The Internet Ruins Everything, Including Windjammers

The Tennis/Frisbee Hybrid Works Best Offline

Games Reviews Windjammers
The Internet Ruins Everything, Including Windjammers

Windjammers is a weird object. Originally released in the 1994 for arcades and the Neo Geo, it’s a sports game that’s a little bit tennis and a little bit frisbee. Or, rather, it’s 1v1 tennis played with a frisbee. You huck this incredibly durable flying disc at an opponent’s goal, and they do the best that they can do stop it from hitting a goal that exists behind them. The frisbee can ding off the walls, and predicting the angles of this dinging is a huge part of the game. Theoretically, you can play against computer-controlled opponents, but the real experience of the game comes with playing against human opponents.

Windjammers requires quick reflexes and quicker wits. Once you get over the basic mechanical mastery of dashing around the little arena, throwing the frisbee, and using more powerful moves, then the rest of the game is reading your opponent. Do they throw to the top more often? Are they always trying to angle it off the wall, or are they lobbing it to your weak spot any time you head to the bottom of the arena? Ask a serious player of any competitive game, and they’ll tell you that it is exactly this quality that matters at the highest levels of all competition. The simplicity of Windjammers’s mechanics means that it all becomes about reading your opponent very quickly. I can say, with ease, that a good game of Windjammers is a really exciting and satisfying way to spend a few minutes. When it’s firing on all cylinders, it’s damn good fun.

The problem is getting it to fire on all cylinders. The problem is getting it to work at all, sometimes. I’ve been playing the PlayStation 4, mostly in Quick Match and Ranked modes of online play, and I would say that maybe 66% of my games actually begin. The other 34% pair with an opponent, allow me to select a character, and then dump me to a winner/loser screen without ever launching. The games that I can actually play are also at a very high ping, which is the time it takes my console to talk to the server, and that means that all of my actions are delayed by several dozen milliseconds. In a game that requires fast reflexes and button presses, you can actually feel when the time between a button press and an action being taken is too long. It’s a shame, really, because I could absolutely see myself playing this game way too much in my free time.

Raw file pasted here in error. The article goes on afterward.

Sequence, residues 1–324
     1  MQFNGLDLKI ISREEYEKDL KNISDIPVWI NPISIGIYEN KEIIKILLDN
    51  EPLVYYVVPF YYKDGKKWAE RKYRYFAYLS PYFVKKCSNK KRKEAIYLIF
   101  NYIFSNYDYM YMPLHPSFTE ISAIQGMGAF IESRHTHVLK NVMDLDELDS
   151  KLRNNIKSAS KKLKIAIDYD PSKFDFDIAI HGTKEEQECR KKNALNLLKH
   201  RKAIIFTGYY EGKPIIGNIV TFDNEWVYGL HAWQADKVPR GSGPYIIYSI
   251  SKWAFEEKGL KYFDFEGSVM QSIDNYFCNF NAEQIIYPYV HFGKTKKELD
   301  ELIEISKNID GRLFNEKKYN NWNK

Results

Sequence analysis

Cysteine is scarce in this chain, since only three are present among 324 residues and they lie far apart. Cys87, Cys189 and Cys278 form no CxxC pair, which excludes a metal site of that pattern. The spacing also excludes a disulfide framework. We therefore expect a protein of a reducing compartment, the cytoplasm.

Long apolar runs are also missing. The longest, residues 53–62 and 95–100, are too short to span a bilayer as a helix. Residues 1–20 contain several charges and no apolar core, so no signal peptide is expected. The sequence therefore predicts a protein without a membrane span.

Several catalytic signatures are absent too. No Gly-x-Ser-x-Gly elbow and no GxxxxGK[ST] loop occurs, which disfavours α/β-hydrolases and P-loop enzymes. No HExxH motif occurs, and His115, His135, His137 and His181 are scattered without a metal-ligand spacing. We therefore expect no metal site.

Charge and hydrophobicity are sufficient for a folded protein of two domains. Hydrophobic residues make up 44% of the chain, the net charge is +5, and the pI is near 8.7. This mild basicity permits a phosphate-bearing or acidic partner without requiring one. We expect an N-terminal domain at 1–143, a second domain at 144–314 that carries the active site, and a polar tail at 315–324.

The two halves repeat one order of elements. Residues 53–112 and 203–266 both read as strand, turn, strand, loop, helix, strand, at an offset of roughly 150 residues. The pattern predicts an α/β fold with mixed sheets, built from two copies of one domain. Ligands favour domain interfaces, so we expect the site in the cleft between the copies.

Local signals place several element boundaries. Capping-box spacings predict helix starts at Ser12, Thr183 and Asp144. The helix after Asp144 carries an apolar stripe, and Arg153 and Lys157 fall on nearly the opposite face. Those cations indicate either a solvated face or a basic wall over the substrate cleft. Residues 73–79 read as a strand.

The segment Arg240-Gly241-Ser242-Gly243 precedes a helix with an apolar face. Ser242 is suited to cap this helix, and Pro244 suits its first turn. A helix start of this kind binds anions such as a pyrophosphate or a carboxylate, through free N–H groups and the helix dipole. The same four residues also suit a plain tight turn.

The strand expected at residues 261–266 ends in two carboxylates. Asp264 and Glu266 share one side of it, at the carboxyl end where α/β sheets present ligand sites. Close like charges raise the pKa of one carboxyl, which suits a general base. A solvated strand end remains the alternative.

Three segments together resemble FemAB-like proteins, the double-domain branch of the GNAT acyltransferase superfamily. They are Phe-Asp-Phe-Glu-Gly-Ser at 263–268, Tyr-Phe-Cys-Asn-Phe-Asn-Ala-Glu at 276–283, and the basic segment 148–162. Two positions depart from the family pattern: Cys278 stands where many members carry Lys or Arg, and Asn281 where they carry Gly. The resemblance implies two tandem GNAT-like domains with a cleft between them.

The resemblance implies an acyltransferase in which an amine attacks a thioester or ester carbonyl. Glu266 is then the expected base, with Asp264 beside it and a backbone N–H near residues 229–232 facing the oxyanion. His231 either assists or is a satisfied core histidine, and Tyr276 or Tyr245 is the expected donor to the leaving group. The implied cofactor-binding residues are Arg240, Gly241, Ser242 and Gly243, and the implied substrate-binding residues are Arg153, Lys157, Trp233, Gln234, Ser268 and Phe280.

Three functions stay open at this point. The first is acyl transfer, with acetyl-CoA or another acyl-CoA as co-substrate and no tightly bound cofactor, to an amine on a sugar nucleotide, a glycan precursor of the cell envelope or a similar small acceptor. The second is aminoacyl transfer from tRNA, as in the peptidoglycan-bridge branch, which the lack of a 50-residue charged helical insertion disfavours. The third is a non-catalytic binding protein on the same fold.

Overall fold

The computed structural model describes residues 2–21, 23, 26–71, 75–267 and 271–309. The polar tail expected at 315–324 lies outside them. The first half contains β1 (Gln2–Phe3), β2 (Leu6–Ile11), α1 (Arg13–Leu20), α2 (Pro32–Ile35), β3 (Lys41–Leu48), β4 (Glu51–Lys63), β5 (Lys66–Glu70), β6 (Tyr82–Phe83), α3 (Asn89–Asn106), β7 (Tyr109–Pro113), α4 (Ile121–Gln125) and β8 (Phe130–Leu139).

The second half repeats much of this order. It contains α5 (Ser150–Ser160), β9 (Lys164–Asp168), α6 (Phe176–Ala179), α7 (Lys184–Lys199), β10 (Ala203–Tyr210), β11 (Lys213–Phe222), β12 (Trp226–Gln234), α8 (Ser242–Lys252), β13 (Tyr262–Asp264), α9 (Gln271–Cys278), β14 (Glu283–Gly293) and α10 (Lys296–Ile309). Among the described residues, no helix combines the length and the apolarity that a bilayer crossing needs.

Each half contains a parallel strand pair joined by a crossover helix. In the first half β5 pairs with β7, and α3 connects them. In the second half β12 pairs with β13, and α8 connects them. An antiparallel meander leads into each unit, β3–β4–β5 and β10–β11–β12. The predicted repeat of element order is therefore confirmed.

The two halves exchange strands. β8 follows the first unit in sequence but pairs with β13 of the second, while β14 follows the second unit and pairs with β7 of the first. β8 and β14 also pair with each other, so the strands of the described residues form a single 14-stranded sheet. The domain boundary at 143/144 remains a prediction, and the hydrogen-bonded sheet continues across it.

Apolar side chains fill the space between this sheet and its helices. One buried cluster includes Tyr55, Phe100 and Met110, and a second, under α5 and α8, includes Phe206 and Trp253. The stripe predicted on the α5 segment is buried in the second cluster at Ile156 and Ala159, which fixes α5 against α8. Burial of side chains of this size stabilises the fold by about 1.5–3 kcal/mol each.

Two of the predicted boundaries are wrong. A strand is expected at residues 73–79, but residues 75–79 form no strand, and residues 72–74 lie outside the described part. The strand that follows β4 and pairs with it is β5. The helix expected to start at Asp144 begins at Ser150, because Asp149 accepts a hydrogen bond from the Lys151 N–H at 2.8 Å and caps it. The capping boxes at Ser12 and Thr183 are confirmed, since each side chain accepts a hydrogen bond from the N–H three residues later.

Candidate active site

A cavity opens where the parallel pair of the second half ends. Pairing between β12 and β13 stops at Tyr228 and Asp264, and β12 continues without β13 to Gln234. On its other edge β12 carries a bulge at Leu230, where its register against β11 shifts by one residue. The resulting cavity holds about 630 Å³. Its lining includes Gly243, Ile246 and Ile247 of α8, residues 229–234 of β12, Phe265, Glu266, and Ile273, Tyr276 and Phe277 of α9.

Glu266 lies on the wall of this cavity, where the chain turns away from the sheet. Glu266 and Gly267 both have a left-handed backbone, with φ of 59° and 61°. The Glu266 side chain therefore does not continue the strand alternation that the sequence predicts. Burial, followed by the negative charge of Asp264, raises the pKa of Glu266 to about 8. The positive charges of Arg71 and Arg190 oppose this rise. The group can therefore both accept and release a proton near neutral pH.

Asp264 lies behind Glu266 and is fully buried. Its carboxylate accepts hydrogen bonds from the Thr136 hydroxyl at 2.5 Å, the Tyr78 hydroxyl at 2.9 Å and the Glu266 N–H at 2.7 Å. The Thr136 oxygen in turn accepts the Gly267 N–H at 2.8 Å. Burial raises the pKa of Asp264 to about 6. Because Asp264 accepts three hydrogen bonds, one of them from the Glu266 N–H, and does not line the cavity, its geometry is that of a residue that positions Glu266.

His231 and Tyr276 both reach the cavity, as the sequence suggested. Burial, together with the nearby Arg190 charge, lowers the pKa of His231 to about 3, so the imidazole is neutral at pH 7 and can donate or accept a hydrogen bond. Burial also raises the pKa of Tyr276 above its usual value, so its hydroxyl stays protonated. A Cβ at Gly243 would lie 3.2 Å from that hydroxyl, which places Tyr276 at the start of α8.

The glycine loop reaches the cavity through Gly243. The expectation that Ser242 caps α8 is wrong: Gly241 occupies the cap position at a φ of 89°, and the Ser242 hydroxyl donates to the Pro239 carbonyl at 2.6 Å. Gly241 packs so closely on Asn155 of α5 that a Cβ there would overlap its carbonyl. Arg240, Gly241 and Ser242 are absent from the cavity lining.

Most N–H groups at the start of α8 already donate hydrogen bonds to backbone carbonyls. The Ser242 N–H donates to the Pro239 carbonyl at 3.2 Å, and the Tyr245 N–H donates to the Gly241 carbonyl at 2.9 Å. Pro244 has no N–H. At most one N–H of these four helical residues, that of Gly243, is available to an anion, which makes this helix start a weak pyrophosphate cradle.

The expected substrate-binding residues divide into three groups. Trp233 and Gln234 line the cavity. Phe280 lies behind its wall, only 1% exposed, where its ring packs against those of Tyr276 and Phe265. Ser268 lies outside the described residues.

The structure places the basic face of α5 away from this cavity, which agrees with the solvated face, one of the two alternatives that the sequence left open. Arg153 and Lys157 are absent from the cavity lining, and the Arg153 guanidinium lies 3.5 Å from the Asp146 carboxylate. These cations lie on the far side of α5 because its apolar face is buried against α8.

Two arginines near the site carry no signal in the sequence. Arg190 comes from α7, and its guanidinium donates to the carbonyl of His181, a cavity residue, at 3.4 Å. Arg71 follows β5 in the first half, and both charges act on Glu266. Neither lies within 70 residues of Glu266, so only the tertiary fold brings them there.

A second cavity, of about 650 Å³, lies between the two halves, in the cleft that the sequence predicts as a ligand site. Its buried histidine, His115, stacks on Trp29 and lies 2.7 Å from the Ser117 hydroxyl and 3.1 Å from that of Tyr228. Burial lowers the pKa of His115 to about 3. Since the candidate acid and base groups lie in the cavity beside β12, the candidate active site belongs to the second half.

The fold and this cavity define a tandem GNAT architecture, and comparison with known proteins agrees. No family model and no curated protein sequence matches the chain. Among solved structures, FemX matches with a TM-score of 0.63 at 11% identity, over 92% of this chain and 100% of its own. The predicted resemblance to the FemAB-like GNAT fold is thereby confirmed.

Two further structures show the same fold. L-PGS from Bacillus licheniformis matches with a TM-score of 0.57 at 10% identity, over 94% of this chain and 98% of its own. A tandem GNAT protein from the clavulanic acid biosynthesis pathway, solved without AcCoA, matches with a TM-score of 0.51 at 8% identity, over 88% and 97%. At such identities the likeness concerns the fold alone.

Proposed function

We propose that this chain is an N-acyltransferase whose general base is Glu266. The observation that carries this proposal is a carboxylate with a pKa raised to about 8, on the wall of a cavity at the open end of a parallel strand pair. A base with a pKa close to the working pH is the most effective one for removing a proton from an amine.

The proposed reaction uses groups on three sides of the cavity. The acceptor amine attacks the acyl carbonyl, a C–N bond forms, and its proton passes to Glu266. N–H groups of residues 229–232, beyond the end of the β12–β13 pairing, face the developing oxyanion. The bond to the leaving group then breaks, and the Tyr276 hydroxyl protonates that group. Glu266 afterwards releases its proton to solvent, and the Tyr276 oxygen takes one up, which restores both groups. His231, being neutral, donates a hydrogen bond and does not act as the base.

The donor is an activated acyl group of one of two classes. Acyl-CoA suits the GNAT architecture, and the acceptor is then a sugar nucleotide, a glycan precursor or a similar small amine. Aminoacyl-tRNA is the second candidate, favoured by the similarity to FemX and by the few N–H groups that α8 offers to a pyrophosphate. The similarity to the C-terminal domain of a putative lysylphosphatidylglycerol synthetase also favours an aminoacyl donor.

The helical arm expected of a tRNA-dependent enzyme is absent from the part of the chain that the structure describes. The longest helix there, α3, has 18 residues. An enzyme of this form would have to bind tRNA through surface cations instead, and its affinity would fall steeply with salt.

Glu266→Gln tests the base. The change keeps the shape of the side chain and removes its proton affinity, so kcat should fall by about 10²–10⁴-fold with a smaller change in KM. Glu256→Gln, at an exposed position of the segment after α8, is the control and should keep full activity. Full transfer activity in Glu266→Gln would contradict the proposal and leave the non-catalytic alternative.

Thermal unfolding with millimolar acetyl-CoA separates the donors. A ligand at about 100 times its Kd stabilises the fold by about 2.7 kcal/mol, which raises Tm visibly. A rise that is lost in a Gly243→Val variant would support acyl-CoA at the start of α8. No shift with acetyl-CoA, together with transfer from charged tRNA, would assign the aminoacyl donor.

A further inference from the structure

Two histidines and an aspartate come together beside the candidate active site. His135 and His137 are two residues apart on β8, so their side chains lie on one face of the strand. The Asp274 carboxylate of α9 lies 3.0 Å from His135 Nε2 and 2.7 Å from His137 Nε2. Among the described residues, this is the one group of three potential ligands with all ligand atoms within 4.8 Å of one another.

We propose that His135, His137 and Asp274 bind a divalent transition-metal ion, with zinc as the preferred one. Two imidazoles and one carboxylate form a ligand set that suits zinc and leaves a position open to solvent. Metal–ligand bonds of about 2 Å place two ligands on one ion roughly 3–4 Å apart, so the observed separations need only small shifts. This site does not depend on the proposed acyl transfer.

There is also an issue that the games resolve themselves too quickly. The default mode of the game is first-to-twelve point games, with a best two-of-three format, and those go by so incredibly fast that I feel like I spend more time in the characters selection screen than playing the game. While custom matches obviously solve that in casual play, for the quick and ranked play that’s not possible.

The best use case for Windjammers, I think, is as a party game. You can safely set this thing up, hand the controllers over to some interested people, and feel incredibly confident that they are going to have a good time. “Easy to learn, hard to master” is the worst cliché possible, but Windjammers really evokes that feeling for me. I feel very comfortable handing the controller to anyone with a passing interest in games, or no interest at all, and knowing that they will figure out how frisbee tennis works. They’ll also have a good time.

Windjammers was published by DotEmu. It is available for the PlayStation 4 and Vita.

Cameron Kunzelman tweets at @ckunzelman and writes about games at thiscageisworms.com. His latest game, Epanalepsis, was released last year. It’s available on Steam.

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